During the initial stages of Zombieville's development, the producers of the game ran into the old bugaboos of the censorship police. It seems the early drafts of Mary Gentle's script contained far more in the way of expletives and the graphics were being pitched with a much higher blood and gore content. Unfortunately, to sell the game in overseas markets, numerous conditions had to be met. In Germany you're not allowed to show blood, so out went the gore. In America you have to pander to the family side of the audience, so out went the nastier words. Everywhere they turned, Psygnosis ran into a different set of cultural taboos. They even had to shelve a scene involving a priest being ripped to shreds in case it upset Deep South Fundamentalists. The only country that didn't throw up any restrictions was, you guessed it, us. The UK. Blighty. Ahh, Great Britain, the last bastion for gratuitous swearing and violence in entertainment media. Makes you proud.

Mary Gentle

As regular readers of PC will know, one of the things I'm always campaigning for in adventure games is a well-written story. It's all well and good having top-name actors giving it their all in front of a large blue screen (or in Origin's case, on a multi-million dollar Cset' that looks like it came out of TV's futuristic game-show CScavengers'), but without a decent plot you might as well not bother. Fortunately, Psygnosis have brought in the talents of prominent sci-fi/fantasy author Mary Gentle, best known for her CWhite Crow' series, which includes CScholars And Soldiers', CRats And Gargoyles', CThe Architecture Of Desire' and CLeft To His Own Devices'.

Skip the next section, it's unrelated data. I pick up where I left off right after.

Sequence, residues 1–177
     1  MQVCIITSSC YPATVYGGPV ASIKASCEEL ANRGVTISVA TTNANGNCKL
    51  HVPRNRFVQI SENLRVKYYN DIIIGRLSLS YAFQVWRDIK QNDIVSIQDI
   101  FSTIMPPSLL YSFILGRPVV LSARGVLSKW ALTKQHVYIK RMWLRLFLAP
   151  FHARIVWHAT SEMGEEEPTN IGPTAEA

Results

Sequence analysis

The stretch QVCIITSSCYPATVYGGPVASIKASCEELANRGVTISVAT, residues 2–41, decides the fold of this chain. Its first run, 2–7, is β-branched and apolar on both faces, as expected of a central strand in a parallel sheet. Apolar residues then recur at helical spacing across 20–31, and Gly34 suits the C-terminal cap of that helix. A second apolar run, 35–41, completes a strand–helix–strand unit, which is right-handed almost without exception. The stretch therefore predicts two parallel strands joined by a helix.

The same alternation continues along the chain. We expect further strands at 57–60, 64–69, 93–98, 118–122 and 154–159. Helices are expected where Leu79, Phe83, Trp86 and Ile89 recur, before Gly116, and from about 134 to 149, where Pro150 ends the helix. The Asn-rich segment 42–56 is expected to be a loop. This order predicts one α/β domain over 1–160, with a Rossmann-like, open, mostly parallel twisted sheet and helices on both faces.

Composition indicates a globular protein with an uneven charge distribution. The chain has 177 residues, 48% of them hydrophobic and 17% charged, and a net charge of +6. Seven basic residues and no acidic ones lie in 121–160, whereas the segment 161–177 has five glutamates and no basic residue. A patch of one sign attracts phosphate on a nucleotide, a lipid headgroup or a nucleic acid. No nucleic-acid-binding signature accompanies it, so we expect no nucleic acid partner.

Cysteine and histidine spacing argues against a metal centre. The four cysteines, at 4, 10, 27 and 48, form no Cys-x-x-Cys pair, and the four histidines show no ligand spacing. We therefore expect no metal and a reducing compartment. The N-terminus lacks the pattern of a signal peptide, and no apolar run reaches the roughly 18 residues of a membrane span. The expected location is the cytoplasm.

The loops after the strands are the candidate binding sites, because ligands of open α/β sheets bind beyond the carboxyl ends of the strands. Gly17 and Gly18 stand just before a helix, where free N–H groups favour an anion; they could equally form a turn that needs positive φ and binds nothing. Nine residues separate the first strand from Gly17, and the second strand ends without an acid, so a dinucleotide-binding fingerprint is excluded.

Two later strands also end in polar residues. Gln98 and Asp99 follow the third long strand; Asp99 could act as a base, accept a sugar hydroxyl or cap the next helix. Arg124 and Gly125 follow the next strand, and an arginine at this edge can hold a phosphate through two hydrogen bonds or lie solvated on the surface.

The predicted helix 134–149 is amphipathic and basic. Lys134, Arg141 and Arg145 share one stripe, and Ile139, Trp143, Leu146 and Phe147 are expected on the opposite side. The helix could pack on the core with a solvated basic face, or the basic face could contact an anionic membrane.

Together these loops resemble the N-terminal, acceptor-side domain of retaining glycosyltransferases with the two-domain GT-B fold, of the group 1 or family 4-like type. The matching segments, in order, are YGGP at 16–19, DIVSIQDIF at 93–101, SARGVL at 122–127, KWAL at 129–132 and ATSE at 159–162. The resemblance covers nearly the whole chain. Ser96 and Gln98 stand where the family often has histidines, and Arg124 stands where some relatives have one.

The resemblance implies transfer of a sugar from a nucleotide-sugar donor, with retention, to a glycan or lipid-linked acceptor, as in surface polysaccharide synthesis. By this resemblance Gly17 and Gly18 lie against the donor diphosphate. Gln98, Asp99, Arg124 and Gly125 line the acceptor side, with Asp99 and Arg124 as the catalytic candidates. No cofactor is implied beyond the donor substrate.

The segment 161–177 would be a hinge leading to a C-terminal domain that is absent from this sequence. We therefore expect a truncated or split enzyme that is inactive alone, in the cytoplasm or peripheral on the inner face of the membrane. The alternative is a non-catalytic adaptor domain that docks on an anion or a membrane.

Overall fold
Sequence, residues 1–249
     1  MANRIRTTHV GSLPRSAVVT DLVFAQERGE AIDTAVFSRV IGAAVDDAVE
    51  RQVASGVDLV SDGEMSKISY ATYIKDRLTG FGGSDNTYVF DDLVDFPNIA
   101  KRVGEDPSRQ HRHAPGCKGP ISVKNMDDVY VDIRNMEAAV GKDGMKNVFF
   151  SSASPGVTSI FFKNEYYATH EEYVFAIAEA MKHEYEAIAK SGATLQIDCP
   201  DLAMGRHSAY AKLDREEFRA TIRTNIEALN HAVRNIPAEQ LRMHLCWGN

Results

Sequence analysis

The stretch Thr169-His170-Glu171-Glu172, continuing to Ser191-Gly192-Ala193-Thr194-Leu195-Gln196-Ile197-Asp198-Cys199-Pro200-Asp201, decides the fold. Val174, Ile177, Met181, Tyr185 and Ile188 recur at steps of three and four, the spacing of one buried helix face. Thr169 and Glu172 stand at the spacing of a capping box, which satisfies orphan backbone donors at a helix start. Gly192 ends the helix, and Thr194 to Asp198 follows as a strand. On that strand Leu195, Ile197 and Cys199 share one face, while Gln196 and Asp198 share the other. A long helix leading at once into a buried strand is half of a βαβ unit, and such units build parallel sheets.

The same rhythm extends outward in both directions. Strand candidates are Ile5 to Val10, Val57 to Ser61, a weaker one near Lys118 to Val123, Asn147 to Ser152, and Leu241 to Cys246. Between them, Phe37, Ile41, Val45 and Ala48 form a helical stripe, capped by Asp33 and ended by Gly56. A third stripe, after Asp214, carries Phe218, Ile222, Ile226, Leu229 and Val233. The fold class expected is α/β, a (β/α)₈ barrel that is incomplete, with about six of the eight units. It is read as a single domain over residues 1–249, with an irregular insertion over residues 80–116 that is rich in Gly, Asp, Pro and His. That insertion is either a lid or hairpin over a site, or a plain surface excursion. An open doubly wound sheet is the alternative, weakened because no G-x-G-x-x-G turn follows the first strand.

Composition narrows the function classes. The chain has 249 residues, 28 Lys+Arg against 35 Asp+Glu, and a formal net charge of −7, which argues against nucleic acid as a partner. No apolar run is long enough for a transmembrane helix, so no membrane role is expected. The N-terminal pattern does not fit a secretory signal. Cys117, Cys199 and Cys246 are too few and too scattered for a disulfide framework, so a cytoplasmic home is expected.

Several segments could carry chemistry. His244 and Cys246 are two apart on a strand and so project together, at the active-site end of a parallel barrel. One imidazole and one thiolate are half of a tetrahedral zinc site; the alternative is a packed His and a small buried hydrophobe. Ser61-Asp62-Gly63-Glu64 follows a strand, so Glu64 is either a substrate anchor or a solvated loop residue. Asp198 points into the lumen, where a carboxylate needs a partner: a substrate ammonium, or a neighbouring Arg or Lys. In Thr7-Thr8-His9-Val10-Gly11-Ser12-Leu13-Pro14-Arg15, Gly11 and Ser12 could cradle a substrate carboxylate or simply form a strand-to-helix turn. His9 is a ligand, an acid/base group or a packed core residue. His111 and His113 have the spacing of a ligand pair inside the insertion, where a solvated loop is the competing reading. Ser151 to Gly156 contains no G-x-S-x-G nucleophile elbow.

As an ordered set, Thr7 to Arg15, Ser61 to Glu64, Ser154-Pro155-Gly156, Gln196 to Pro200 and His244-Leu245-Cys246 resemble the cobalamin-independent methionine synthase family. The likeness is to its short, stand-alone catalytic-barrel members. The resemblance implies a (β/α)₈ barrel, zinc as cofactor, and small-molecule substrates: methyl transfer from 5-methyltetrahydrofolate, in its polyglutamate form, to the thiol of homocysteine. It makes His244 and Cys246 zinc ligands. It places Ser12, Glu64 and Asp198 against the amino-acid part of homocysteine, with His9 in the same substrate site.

Of course, no serious author would be complete without an eccentricity or two and Mary is no exception. As a protest to the practices of the Conservative government, she vowed always to wear black for as long as they were in office. Fortunately for her wardrobe, this trend doesn't look like it will have to continue for much longer.

Fleshing it out so to speak

Here you can see how each scene is first created as a basic framework based on the initial hand-drawn artwork, and is then fleshed out with colour, detail, texturemapping and light-sourcing. Each of these backgrounds is then combined with a Z-mask to provide the three-dimensional movement information specific to that screen. Events can be triggered by the player manipulating marked scenery or by simply remaining in a particular place while something moves around him. All of the character movement is determined by something called a Cglobal mapping system' which helps the computer determine the most appropriate route for a character to take to get from point A to point B - eliminating the usual detours through points C to Q that other games have trouble with.

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System requirements:

  • PC compatible
  • Operating systems: Windows 10/Windows 8/Windows 7/2000/Vista/WinXP